Ukrainian Almonds

toddfialaJanuary 2, 2011

As I was paging through my Jung Seed and Plants catalog, I noticed that they sell Ukrainian almond trees. They carry Bounty and Oracle. They are claiming that they can be grown in zones 5-8. Does anyone have any experience or further knowledge about these almonds? I am considering giving them a try and I am in southeast Nebraska, zone 5. I do successfully grow peaches here, if that information helps.



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I've grown Halls Hardy for many years. Beautiful tree, but the nuts are very hard to shell, and, as a peach almond hybrid, they contain cyanide and need to be boiled and leached out before use. I have some other true almonds that are growing, but no crop yet.

These two look promising. May have to order them myself. I got some nursery stock from Jung 2 years ago, and was really pleasantly surprised at the quality.

If you can grow peaches, you should be able to grow these.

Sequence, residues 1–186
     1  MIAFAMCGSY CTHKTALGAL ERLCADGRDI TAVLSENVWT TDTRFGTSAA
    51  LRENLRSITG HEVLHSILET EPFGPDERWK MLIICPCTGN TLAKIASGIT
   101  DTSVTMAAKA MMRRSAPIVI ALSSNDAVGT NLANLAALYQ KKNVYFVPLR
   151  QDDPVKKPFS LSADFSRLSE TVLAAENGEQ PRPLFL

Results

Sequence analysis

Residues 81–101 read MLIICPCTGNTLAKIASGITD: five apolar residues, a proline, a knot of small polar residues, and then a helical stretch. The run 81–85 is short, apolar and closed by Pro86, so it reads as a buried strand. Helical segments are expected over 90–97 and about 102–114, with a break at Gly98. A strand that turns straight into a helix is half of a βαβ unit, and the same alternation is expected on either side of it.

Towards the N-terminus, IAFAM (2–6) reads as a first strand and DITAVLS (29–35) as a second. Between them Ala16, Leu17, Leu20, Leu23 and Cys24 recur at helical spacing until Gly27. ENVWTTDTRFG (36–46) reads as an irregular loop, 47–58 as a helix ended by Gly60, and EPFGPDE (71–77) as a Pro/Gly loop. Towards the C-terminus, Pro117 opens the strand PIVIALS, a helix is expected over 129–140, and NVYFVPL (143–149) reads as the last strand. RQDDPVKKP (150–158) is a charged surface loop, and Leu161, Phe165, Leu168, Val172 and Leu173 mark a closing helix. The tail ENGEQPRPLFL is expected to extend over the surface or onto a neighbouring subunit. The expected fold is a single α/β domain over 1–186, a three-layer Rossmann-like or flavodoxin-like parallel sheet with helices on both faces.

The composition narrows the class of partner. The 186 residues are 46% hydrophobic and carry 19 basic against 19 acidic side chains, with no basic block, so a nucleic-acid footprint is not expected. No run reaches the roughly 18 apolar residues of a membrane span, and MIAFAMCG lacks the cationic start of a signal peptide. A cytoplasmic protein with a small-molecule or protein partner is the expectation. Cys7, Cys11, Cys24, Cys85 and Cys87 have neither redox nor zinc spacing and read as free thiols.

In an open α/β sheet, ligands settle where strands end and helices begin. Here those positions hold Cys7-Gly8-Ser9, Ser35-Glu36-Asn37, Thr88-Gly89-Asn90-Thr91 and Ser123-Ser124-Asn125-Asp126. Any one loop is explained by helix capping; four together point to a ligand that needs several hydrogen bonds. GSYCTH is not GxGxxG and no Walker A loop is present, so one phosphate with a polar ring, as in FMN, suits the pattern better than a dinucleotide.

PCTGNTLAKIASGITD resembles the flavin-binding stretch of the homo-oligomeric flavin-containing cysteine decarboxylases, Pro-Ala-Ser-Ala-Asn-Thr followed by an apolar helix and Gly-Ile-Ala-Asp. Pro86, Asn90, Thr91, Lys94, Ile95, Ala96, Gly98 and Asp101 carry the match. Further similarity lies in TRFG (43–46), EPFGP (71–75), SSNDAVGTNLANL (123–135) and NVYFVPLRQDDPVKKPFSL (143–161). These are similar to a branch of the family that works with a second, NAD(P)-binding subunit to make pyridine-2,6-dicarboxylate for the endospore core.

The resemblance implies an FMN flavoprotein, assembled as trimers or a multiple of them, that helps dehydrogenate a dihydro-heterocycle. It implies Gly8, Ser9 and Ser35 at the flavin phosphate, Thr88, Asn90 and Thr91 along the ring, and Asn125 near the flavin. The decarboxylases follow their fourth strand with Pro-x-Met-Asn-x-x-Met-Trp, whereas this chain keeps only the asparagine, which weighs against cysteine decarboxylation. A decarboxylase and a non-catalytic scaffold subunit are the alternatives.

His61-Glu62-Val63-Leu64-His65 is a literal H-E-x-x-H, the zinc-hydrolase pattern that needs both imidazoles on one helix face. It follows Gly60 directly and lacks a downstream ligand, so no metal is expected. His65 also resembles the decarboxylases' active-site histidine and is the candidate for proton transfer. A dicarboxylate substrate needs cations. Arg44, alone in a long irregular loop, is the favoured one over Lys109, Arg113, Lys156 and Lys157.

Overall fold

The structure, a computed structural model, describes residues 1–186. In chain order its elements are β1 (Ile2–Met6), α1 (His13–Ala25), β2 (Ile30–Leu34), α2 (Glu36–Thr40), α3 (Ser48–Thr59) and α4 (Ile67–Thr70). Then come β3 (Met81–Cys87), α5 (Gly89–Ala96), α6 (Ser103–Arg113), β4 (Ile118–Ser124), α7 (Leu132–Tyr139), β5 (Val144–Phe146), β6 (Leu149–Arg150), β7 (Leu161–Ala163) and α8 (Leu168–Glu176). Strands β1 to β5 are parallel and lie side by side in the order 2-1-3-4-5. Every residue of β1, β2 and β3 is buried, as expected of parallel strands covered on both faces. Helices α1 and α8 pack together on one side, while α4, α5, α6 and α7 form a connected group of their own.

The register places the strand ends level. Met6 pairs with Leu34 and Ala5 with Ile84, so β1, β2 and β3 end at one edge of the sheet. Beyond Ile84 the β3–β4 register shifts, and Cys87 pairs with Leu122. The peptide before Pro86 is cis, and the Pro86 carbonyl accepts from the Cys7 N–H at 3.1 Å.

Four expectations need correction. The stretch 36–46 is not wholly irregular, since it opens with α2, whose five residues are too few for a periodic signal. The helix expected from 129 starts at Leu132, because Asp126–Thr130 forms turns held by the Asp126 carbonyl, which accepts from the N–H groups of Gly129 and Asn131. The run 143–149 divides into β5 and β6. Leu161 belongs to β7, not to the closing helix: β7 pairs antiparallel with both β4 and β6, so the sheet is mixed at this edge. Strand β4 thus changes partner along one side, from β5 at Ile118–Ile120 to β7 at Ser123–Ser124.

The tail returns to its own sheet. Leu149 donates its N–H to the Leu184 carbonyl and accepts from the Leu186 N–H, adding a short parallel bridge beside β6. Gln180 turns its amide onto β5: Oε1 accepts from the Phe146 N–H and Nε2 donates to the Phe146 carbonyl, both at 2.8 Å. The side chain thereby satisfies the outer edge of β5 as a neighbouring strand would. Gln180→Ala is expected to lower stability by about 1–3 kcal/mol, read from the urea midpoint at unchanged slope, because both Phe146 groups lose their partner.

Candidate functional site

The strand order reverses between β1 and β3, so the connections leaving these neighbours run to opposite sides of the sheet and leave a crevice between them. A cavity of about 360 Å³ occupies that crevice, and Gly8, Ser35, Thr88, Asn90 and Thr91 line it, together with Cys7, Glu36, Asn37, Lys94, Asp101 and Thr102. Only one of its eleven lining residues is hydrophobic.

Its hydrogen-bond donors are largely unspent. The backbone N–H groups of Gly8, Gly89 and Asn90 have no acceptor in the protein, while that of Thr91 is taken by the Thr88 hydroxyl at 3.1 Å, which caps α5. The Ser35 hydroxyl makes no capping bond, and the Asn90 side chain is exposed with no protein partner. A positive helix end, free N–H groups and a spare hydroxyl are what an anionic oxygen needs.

The only problem with any nut is squirrel competition. Live trap and removal or destruction is the best practical control where I live, since it's a "no discharge of a firearm allowed" community.

    Bookmark   January 3, 2011 at 10:24AM
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I bought those Ukrainian almonds around 2006, not as hardy as northern peaches.
-15F they seemed alright, they did alright through couple average winters with no topkill. But when had a -21F, they were all gone. Think peach is used as rootstock, so that's what I have now from the growing rootstocks. Zone 5 is too broad, I would say borderline 5/6 would be the lowest hardiness zone for them.

    Bookmark   January 3, 2011 at 11:04AM
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mommapea(Z6 southwest PA)

lkz5ia, did you ever get any edible almonds? If so, were they any good? I've heard that the Hall's Hardy variety will grow in the lower zones, but it's a bitter almond... hard shell, and you have to boil them before eating since they contain a mild poison.

    Bookmark   March 21, 2011 at 11:50AM
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no, they didn't get to that flowering and fruiting stage before getting killed off. Think I might try again next year and grow it in a pot. Hopefully it would produce nuts under those conditions, and just plant the nuts without worrying about grafted product. I'd imagine if they are like peaches, that they would come fairly true to seed possibly?

    Bookmark   March 21, 2011 at 12:44PM
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